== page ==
A : And not as a career, I would really like to make Nepal a safe and a happy place for everyone not only WOMEN but for the LGBTQIA+ community and everyone. I have not joined any organization until now because I don’t know how they work. I have just started learning about things. I have recently joined Pad2go which is a social enterprise of Nepal working to remove 13% VAT from menstrual products. I was a campus ambassador for this organisation but it is going to end soon so for now it’s better to say I have not joined any organization. I am studying in grade 12, so my studies are very important to me since my education qualification will help me to develop many skills. I have not planned any events and actions, for now I am just focusing on writing stuff regarding gender equality, but I’m not sure if and when I’ll make those writings public. For now, that is all I am doing but I am focusing on learning new things because even now I don’t have any idea where should I start.
L : What does it mean for you to be a « feminist »? Is a label you like? Is it popular in Nepal?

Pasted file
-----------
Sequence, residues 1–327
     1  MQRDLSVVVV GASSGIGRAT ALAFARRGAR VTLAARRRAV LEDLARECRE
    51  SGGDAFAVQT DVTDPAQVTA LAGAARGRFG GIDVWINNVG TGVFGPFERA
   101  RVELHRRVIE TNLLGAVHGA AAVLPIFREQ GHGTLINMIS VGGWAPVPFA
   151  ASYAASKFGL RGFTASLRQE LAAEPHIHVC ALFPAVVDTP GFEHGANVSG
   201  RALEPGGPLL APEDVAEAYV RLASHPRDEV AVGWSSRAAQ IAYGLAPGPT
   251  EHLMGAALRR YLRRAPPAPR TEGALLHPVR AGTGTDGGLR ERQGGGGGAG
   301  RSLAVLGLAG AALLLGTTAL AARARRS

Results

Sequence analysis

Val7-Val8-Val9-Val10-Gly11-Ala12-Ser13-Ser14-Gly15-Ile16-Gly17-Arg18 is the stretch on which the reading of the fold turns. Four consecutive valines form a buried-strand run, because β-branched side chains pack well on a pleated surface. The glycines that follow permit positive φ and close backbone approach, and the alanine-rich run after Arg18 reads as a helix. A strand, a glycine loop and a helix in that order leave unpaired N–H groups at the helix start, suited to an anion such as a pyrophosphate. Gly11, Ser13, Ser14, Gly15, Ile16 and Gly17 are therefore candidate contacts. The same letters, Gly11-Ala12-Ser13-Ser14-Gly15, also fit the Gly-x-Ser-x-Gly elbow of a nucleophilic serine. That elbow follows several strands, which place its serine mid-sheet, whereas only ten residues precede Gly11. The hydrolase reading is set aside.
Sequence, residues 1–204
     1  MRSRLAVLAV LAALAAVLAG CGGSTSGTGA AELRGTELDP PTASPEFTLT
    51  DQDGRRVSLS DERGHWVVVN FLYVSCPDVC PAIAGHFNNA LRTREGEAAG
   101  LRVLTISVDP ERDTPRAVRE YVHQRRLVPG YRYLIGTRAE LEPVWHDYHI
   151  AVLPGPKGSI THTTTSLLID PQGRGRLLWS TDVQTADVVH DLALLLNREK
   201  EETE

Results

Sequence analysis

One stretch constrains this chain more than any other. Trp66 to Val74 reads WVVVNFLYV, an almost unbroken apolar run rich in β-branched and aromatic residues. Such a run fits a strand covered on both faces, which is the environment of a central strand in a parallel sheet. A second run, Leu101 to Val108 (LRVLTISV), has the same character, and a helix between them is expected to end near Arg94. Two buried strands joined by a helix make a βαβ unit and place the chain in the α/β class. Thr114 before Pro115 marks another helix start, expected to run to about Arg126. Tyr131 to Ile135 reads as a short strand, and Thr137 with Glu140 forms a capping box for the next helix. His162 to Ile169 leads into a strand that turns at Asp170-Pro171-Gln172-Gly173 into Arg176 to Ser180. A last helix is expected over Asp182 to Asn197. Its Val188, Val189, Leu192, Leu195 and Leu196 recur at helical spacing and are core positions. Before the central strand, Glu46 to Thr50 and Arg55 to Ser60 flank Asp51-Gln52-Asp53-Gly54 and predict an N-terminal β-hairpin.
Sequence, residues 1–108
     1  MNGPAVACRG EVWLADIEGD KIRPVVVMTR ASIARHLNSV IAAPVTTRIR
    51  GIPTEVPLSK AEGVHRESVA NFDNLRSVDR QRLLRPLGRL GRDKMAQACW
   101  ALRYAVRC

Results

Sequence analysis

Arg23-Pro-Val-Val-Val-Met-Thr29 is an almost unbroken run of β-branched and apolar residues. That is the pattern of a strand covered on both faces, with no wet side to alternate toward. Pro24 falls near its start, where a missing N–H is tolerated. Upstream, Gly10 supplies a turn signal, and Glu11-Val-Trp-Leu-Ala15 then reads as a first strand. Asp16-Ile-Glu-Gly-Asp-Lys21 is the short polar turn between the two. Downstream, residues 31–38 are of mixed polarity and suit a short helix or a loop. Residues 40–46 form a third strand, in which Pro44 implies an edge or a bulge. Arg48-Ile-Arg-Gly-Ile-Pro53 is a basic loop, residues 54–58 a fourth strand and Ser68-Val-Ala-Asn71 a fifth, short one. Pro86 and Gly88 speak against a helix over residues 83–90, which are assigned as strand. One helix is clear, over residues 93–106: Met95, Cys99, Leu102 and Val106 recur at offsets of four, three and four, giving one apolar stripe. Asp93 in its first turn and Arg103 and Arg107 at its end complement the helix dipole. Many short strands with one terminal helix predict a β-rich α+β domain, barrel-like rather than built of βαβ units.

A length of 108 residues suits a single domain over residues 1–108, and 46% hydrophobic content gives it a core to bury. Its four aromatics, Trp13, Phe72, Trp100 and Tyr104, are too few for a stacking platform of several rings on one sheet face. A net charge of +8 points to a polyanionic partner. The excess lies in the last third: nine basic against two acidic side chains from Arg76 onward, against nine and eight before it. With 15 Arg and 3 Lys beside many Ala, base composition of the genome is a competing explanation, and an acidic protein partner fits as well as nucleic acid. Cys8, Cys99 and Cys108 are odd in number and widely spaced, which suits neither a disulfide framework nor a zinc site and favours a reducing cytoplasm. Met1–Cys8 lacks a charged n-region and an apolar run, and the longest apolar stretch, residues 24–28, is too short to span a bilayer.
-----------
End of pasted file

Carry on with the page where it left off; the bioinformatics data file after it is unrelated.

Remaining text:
A : Feminism is a social theory or a political movement or an individual movement which argues that legal and social restrictions on women must be removed in order to bring about equality of all the genders in all aspects of public and private life. I know most of the people think that equality is already achieved and they are finding the concept of equality or feminism to be narrow when in fact it is not. People say that we now have the right to study and that back we did not : while I appreciate that, women had to fight to earn the right to vote and to education, while men did not. By fighting for our rights, we get those rights, but this is not enough because even when women are educated, men treat them like uneducated people. Why? Because our society thinks that men are more knowledgeable than women in every field. Isn’t that our right to get equal respect as the men who have an equal level of education as we do? And this is only one example there are many more. So feminism is not already achieved, we all have a long way to go. For me being a Feminist personally means everything because I live my life as a feminist. I laugh, I cry, I do everything as a feminist. I think I do everything as a feminist. And talking about is it a label I like, I don’t think I have any problem with this because according to me, this is who I am. This is my identity, I should be proud of myself for who am I and how I think. Feminism is not as popular in Nepal as it should be but many people, organizations and we, globally, are trying our best to make it popular. I think everyone should be feminist because everyone should believe in equality.